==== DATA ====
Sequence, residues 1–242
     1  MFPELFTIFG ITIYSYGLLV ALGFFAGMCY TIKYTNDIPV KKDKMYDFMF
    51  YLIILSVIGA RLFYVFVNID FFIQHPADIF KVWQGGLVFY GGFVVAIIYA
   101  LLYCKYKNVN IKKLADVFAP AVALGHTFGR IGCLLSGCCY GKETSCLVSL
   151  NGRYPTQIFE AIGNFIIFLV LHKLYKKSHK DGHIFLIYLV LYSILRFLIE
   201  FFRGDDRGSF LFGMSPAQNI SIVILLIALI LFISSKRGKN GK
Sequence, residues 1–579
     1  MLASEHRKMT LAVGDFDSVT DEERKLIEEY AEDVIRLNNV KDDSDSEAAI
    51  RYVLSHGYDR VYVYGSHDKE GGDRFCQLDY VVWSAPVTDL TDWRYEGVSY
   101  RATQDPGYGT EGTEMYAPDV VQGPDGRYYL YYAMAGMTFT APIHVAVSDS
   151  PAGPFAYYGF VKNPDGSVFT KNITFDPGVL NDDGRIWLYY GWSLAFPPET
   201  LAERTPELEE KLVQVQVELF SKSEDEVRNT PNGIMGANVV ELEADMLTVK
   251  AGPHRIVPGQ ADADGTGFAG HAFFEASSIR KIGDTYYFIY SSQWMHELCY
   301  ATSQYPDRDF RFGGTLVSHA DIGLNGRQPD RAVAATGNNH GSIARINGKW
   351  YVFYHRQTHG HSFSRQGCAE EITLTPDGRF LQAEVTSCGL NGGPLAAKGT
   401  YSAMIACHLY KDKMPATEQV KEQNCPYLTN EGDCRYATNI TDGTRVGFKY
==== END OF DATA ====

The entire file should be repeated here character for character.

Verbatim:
Sequence, residues 1–242
     1  MFPELFTIFG ITIYSYGLLV ALGFFAGMCY TIKYTNDIPV KKDKMYDFMF
    51  YLIILSVIGA RLFYVFVNID FFIQHPADIF KVWQGGLVFY GGFVVAIIYA
   101  LLYCKYKNVN IKKLADVFAP AVALGHTFGR IGCLLSGCCY GKETSCLVSL
   151  NGRYPTQIFE AIGNFIIFLV LHKLYKKSHK DGHIFLIYLV LYSILRFLIE
   201  FFRGDDRGSF LFGMSPAQNI SIVILLIALI LFISSKRGKN GK
Sequence, residues 1–579
     1  MLASEHRKMT LAVGDFDSVT DEERKLIEEY AEDVIRLNNV KDDSDSEAAI
    51  RYVLSHGYDR VYVYGSHDKE GGDRFCQLDY VVWSAPVTDL TDWRYEGVSY
   101  RATQDPGYGT EGTEMYAPDV VQGPDGRYYL YYAMAGMTFT APIHVAVSDS
   151  PAGPFAYYGF VKNPDGSVFT KNITFDPGVL NDDGRIWLYY GWSLAFPPET
   201  LAERTPELEE KLVQVQVELF SKSEDEVRNT PNGIMGANVV ELEADMLTVK
   251  AGPHRIVPGQ ADADGTGFAG HAFFEASSIR KIGDTYYFIY SSQWMHELCY
   301  ATSQYPDRDF RFGGTLVSHA DIGLNGRQPD RAVAATGNNH GSIARINGKW
   351  YVFYHRQTHG HSFSRQGCAE EITLTPDGRF LQAEVTSCGL NGGPLAAKGT
   401  YSAMIACHLY KDKMPATEQV KEQNCPYLTN EGDCRYATNI TDGTRVGFKY